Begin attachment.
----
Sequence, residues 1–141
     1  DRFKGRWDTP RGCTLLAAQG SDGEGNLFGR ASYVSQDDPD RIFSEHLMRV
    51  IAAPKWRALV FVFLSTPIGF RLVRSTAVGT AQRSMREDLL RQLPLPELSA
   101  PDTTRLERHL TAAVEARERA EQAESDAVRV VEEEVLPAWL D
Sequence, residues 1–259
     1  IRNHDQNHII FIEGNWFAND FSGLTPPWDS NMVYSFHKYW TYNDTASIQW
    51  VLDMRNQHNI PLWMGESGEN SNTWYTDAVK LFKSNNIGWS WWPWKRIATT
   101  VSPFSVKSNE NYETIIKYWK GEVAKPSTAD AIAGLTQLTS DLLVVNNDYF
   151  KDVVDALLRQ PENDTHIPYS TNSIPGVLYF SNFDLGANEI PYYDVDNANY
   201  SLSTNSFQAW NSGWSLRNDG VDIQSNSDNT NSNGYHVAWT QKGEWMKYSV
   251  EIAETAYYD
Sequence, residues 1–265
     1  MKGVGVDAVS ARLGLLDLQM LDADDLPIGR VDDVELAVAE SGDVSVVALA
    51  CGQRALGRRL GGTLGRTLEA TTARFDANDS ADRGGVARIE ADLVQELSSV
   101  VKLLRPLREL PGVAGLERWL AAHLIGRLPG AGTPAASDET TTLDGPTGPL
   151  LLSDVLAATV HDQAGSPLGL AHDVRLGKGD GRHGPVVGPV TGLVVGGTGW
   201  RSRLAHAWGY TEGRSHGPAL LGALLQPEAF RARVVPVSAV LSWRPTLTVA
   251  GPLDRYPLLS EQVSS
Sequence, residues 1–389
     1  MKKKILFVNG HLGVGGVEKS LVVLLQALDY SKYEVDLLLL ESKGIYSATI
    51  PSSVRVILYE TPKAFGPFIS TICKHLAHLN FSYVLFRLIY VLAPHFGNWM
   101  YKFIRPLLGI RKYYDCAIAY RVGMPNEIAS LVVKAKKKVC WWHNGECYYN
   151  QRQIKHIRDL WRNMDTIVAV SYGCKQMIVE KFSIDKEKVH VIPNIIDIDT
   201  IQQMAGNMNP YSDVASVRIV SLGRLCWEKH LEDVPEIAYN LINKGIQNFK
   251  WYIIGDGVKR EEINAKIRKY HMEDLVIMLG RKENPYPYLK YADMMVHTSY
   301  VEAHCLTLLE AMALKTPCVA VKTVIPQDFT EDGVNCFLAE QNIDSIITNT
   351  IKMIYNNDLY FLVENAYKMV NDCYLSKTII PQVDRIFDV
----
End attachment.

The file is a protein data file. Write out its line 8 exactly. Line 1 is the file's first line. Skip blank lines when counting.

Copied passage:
   101  VSPFSVKSNE NYETIIKYWK GEVAKPSTAD AIAGLTQLTS DLLVVNNDYF